A Powerful Online Innovation
The Web offers investors a rich trove of information. But it has little value in today's fast-paced business environment if you can't quickly find the nuggets you need. That's why BusinessWeek is launching the Company Insight Center on BusinessWeek.com.
The CIC, or Companies Channel, combines our resources with those of Standard & Poor's (MHP) Capital IQ division (like BusinessWeek, a unit of The McGraw-Hill Companies (MHP)) to pull together up to 33 pages of data, charts, profiles, and news stories on each of 42,000 public companies in the U.S. and abroad. The result: an unparalleled array of corporate data.
CIC offers easy navigation to get you from, say, stock price charts that you can customize; to earnings reports and estimates; to profiles of chief executives and board members; to a history of their stock trades. Also available are reports on some 320,000 private companies, though since they're private, the data are more limited.
Want to know what boards—public, private, and nonprofit—those execs and directors sit on? The People page in the Companies Channel can show you that. As you click on each board member, you can see the other members of the board and their affiliations. Click on any of those directors, and you see their other boards and who else sits on them, and so on. You won't find this feature, a proprietary service from Capital IQ, anywhere else on the Web without paying a hefty fee.
There are several ways to get to the CIC pages. From the BusinessWeek.com home page, click on the Companies tab on the navigation bar. You'll also find a stock quote search box on all pages that will take you to the Snapshot page for whatever company you type in. In addition, all ticker symbols and mentions of companies in BusinessWeek.com stories will link to that company's Snapshot, which is a compendium of market-related data, company news, and biographical and compensation info on top executives. Similarly, executives' names in online stories will link to their CIC profiles.
Some features of the pages are cited below. Just click on the links to take a closer look.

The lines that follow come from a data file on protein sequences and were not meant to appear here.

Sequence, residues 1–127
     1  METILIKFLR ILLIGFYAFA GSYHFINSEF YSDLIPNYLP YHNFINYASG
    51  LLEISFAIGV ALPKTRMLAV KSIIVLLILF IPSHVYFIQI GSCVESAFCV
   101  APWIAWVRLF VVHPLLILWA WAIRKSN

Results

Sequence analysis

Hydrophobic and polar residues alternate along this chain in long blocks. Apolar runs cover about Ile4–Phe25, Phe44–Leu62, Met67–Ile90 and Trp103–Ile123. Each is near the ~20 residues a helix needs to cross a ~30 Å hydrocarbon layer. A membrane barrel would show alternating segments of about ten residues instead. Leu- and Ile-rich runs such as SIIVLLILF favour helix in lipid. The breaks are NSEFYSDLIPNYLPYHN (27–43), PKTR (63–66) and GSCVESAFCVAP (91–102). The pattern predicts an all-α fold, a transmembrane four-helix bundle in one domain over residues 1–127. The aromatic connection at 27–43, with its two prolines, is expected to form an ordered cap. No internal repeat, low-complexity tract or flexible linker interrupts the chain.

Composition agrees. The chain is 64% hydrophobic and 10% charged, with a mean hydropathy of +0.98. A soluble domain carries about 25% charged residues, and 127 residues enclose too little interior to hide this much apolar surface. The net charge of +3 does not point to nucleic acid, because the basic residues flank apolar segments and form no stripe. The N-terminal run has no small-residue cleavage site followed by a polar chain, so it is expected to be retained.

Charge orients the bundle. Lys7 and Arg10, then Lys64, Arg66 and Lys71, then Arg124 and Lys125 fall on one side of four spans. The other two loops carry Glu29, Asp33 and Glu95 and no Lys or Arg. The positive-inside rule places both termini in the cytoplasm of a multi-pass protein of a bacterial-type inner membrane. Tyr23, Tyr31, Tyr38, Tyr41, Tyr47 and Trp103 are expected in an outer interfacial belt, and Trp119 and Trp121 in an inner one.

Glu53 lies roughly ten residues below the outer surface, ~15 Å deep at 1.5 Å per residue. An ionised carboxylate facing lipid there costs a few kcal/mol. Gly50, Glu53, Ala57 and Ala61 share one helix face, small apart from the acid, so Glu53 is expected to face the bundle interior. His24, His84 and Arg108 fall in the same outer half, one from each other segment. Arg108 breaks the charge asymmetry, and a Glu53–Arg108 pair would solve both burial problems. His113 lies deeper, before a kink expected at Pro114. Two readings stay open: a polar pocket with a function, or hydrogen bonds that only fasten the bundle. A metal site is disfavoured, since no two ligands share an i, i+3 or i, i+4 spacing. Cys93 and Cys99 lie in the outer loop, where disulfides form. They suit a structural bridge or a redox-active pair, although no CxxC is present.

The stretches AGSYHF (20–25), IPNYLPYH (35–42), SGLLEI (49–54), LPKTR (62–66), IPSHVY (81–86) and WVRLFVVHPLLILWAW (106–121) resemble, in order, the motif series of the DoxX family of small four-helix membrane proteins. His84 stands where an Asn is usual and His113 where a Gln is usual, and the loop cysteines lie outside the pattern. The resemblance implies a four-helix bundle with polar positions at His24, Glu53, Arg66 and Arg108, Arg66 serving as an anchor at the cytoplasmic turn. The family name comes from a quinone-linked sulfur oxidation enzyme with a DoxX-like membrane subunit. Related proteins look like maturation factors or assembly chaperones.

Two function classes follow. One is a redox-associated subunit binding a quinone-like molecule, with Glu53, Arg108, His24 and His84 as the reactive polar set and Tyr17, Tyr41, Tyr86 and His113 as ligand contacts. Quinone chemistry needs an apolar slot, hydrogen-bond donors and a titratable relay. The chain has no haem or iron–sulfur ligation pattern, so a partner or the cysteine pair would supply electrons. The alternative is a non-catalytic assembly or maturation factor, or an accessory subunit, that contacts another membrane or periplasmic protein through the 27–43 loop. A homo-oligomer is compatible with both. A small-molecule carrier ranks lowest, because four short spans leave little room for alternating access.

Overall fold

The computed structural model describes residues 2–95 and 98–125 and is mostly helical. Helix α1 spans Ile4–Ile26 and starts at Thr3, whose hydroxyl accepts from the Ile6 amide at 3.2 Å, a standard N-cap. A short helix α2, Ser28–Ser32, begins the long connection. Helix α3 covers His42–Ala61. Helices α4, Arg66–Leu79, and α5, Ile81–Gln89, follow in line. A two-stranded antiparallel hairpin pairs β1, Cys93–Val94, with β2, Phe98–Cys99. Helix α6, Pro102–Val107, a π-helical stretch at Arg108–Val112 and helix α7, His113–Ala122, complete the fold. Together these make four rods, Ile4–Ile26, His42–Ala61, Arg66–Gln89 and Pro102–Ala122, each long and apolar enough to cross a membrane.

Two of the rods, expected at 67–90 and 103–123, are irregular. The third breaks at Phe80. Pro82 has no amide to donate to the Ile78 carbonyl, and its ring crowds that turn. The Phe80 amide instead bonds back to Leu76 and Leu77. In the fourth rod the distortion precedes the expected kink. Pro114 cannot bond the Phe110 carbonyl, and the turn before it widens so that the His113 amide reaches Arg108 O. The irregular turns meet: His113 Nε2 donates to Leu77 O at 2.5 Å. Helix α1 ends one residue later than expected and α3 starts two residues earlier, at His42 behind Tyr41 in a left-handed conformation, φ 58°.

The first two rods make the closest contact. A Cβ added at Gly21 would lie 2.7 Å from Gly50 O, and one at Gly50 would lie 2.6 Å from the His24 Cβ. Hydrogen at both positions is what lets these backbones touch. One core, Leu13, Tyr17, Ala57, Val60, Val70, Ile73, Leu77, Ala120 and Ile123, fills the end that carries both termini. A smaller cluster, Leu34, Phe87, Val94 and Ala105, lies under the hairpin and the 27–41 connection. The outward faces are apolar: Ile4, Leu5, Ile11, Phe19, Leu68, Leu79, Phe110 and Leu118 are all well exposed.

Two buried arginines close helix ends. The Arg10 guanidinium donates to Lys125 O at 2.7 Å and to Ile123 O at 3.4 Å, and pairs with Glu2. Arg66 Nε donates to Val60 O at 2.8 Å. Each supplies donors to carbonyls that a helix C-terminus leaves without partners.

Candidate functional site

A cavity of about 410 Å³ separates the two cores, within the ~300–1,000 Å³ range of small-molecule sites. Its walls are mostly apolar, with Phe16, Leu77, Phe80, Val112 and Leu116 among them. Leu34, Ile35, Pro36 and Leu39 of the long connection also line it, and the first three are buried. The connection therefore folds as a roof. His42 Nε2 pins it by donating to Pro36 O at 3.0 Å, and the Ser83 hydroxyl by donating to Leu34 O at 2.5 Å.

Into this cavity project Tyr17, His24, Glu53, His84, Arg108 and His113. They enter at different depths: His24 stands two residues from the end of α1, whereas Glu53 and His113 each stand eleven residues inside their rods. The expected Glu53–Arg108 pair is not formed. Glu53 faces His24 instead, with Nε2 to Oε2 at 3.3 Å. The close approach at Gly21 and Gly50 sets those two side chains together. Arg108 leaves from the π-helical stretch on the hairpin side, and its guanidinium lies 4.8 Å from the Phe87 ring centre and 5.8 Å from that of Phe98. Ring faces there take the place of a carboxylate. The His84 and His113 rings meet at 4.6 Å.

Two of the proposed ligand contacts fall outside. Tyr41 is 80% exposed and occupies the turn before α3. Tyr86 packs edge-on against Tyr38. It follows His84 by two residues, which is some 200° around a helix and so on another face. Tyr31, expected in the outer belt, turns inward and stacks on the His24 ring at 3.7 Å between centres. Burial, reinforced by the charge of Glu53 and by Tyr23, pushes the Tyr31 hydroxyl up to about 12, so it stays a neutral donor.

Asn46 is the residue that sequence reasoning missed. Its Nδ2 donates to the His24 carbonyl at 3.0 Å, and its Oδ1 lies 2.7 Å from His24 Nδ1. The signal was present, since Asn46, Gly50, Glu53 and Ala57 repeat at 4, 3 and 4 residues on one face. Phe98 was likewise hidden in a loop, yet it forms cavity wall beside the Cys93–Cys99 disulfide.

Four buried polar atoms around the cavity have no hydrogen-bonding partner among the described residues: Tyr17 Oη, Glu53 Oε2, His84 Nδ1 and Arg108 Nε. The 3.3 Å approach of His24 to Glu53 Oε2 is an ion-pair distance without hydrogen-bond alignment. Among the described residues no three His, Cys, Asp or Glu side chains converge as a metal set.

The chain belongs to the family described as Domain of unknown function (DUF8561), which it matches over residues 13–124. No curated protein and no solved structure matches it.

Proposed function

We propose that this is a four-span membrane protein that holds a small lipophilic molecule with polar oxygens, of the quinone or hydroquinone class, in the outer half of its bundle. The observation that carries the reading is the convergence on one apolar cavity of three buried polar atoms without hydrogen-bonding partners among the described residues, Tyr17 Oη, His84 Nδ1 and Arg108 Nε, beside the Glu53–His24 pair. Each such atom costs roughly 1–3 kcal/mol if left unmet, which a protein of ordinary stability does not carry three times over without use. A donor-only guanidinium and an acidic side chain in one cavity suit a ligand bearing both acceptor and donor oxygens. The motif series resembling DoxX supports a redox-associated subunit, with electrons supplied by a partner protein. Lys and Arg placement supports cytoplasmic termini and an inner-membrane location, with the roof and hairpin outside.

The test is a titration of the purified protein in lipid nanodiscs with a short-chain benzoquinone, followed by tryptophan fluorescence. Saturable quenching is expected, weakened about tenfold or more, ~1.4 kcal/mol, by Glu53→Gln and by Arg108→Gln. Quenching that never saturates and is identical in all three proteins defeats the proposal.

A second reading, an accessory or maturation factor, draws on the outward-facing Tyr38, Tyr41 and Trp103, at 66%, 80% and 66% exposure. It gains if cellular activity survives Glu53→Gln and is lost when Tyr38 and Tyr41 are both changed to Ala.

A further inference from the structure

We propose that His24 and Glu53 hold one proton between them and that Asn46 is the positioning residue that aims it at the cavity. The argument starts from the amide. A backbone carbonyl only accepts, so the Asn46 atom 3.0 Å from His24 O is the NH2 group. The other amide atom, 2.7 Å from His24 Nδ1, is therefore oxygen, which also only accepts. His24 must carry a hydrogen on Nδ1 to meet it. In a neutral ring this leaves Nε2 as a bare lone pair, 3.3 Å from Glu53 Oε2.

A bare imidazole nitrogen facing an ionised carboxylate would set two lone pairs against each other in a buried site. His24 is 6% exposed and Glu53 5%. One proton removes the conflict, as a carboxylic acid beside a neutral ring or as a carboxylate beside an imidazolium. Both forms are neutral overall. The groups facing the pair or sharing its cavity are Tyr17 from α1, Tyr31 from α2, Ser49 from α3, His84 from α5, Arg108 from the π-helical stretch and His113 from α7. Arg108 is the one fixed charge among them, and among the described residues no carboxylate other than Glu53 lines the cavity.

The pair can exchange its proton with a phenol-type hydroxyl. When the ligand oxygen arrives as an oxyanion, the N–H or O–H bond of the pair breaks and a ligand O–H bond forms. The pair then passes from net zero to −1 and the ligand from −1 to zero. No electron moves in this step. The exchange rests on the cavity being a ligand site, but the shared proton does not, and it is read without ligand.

AAPL It's on every page in the Company Insight Center. Here you find some quick vital statistics on the company and a convenient entry point for more detailed data. The white background tab shows you what page you're viewing. Click on the graybacked tabs to jump to other sections.
AAPL The left-hand column displays stories from BusinessWeek. Items from other sources, such as the Associated Press and Standard & Poor's, are on the right. Click on the link at the bottom of either column to view more news.
AAPL Many companies' shares trade all over the world. This link opens up a box that allows you to track the shares on non-U.S. exchanges, priced in local currencies.
AAPL BusinessWeek has many franchise rankings, including the BusinessWeek 50, the InfoTech 100, and the Innovation 25. If a company has earned a spot on one of those lists, it will be indicated in this space along with the list's logo.
Background Admittedly, Steve Jobs is familiar. But most of the other 1,040,000 executives in the CIC aren't, so look here for a biographical sketch. A link at the bottom of the paragraph will open up the rest. Farther down, you can get educational background and other corporate, private, and nonprofit affiliations.
Compensation Executive comp is one of the hottest topics in business today, and here's the place to find what the CEO is making. The information on the Earnings and Financial pages will help you decide whether the occupant of the corner office is worth it.
Connections The number next to the name indicates the contacts he or she has through memberships on other boards. Click "See Board Relationships" and you can see the other people who serve alongside the CEO. Click on any of his or her co-board members to view their affiliations, and so on.
Competitor Compensation Another reality check on the chief's compensation is how much top guns at competitor companies are making. Here you will find the paycheck figures for five of them.
Time Periods The default stock price and volume chart is three months, but you can change the time periods from one day to 10 years. If none of those quite fit, click on Custom. Two calendars will open, and you can pick the start and end points.
Comparison How has Apple compared to, say, Microsoft? Use the Compare drop-down menu to select other stocks or market indexes, and they'll be plotted on the chart.
Events Click on this drop-down menu and you can mark stock splits, dividends, earnings reports, or even BusinessWeek stories to see how they affected trading. The Transactions feature shows mergers, acquisitions, and divestitures.
Investment This chart shows the return on $10,000 over the last five years. For Apple shareholders, it's been sweet. A drop-down menu lets you make comparisons to various indexes.
Competitors Scroll down to see the returns of some competitors. Even with others' respectable performances, Apple leaves them all in the dust. Click on either link to get to their Snapshot pages.
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